13. Brian Evans says:

    Ian-above is first thing I have read today and what a great start to the day. You are a man after my own heart and wonderfully cynical.

    At least a few years ago we had the biopic hatchet job of Hughie Green to watch with, I think, Trevor Eve playing the part. This was around the same time as the scathing biopic of another unwatchable TV creature- Fanny Craddock. Sadly, I forget who played her in this but what a memorable title-“Fear of Fanny”

    Just in case you anyone has views on 3 other no-no’s of mine, I will throw these into the works: Spike Milligan (incl “The Goon Show”), net curtains and-topically-Prince Andrew. I hope Mr F won’t mind me going a bit off-topic here.

  14. Brian Evans says:

    …should read “you or anyone else “

  15. Jeffrey Prior says:

    Ian-brilliant spoof. Never have I read such an accurate piss take of those self appointed cultural guardians who love to tell the rest of us how clever and aloof from any kind of popular culture they are. The bit about the 22 ‘othewise’ unemployable people was brilliant, the deliberate spelling mistake especially so.

  16. Trace Turner says:

    I’m sure I’ve seen bits and pieces of Bond films on TV, but I’ve only ever seen one in it’s entirety. I went to the movie theatre to see A View to a Kill but only because it had Grace Jones in it…

  17. Brooke says:

    Admin, judging by comments above, not sure how formative Bond was. Assume you’re using phenomenon is Kantian sense. Too busy for boxed sets, etc. And who reads JE anymore; she’s poor– nothing to learn there.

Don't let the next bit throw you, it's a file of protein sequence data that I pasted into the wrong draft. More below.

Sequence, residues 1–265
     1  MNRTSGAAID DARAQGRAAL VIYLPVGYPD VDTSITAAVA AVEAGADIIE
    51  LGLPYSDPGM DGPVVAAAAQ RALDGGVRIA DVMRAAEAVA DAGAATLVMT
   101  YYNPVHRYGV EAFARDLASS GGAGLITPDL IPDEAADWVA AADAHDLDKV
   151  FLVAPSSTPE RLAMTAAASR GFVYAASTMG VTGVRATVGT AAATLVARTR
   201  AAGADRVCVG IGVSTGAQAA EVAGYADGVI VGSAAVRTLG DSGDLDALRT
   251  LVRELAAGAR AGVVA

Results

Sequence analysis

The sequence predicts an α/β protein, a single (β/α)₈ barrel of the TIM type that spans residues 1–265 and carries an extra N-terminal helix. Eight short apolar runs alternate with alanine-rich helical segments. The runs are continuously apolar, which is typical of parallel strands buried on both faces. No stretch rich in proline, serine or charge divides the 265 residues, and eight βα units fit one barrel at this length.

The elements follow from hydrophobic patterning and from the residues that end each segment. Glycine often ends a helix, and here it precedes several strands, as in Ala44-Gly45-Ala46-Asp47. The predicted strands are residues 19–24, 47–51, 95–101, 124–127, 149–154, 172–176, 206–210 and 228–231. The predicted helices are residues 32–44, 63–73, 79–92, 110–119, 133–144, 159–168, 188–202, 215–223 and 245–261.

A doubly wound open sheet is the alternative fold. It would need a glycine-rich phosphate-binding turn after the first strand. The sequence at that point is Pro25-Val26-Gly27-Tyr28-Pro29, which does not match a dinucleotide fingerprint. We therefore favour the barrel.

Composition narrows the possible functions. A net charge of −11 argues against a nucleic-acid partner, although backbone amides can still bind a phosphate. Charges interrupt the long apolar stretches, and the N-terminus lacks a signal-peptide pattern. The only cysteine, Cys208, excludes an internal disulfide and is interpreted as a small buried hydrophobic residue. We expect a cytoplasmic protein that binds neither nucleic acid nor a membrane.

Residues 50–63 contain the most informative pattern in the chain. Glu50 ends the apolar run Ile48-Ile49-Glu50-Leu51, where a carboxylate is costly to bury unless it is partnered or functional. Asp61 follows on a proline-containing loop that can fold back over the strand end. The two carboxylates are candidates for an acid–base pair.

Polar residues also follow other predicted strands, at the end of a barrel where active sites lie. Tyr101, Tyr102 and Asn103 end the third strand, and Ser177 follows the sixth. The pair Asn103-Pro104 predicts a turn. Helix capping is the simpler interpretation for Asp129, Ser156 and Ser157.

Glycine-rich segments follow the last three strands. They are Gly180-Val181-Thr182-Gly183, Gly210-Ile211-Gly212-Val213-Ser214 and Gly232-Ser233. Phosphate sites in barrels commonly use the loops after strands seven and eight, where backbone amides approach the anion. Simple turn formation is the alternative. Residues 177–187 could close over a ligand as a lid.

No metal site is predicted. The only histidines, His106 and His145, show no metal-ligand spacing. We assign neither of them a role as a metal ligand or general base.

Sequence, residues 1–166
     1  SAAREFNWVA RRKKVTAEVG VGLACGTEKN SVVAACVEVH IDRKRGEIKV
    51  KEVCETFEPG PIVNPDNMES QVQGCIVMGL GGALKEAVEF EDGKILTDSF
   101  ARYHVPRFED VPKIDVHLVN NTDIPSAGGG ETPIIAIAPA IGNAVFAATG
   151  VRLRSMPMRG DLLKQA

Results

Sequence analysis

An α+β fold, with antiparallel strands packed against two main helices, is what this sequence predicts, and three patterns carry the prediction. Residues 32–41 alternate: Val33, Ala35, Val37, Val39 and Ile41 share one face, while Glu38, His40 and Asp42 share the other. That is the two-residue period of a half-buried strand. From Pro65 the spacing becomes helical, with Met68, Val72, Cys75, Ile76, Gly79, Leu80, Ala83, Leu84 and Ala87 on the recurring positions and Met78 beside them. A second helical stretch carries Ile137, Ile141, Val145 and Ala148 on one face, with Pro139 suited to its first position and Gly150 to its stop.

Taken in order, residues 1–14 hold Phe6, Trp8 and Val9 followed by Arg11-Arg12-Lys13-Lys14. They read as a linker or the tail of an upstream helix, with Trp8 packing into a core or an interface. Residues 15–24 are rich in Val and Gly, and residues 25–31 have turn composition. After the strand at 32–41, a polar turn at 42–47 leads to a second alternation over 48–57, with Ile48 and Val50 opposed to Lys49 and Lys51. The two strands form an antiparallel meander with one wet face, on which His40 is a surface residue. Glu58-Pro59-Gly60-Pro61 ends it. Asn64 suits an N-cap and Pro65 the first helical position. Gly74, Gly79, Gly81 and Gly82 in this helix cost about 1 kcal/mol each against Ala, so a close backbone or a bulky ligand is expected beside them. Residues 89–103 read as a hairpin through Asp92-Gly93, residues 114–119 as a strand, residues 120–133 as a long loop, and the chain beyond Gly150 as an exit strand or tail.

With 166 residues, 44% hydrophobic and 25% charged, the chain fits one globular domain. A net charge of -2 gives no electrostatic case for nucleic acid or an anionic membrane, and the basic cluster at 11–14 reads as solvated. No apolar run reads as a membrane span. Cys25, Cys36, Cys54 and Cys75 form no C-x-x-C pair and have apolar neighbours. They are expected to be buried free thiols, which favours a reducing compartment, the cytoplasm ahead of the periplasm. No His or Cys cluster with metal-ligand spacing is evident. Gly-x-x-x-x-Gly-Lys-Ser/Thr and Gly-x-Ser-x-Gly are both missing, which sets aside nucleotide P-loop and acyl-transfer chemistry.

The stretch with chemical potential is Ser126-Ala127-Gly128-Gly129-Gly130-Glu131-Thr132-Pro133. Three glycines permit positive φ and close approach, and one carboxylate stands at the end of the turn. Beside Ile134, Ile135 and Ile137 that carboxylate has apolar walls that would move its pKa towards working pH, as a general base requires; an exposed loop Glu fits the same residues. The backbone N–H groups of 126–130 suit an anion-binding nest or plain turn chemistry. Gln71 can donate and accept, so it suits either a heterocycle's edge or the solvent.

18. Ken Mann says:

    The thing about tough gritty Bond is that it needs to make sense, and Spectre didn’t. Its a bit weird when earlier films about mad supervillains holding the world to ransom had some kind of internal logic, and more recent films pretending to be “realistic” don’t. I leave Moonraker out of this because it is totally bonkers, relying entirely on Roger Moore’s charm and the evident pleasure Michael Lonsdale is having being a Bond villain.

  19. Ian Luck says:

    Jeffery – I know sarcasm is the lowest form of wit, but I know it when I see it. And thank you. But that is me. I cannot stand anything like sport or poorly made, churned-out, ‘near enough’ television programmes. I watch less than five hours a week, and have done so for at least thirty five years. Some people are happy to watch rubbish. I am not. Simple as that. I’ve always preferred to go to museums, than sit on the beach when on holiday as a kid. That’s me. I’d much rather watch nine hours of Abel Gance’s silent classic ‘Napoleon’, than Disney’s ‘The Lion King’. I’ve never, ever felt superior. I’m the same as everyone else – a favourite status message of mine is: ‘Born. Still here. Will die eventually.’ People can do whatever they like. I just do the things I like. Football, I do not like. Millions love it, and I’m happy to be in a minority.

  20. Adam says:

    Oh, I don’t know. For a post Xmas day dinner treat, you might as well go the whole hog and slump down to watch Moonraker (bound to be on somewhere). By far the silliest, but I’ve a soft spot having seen it at age 8 at the Quinton Classic.

    I’ve only read one bond book (Goldfinger) and was surprised how modern it felt – short, pacy and very readable. More golf than I wanted, though…

  21. Helen Martin says:

    I have always wondered why there is such a large chunk of the television news given to sport and none to theatre either live or film, but that doesn’t mean I don’t enjoy the hockey and soccer clips because I do. Physical dexterity is a pleasure to watch. I don’t enjoy American football because they are hidden in massive helmets and shoulder pads and it’s just a straight forward run as far as you can before they pile on top of you. I went to basketball games in my teens and to baseball when I couldn’t get out of it (my brother played). Games are games, whether bridge, snakes and ladders, or football. Where I part company with fans is when you really care enough about a team to dislike those who back another one.

  22. SteveB says:

    I enjoy the original James Bond books, which did form my childhood, AND Anthony Price. So There! Tomorrow‘s Ghost is my favourite btw.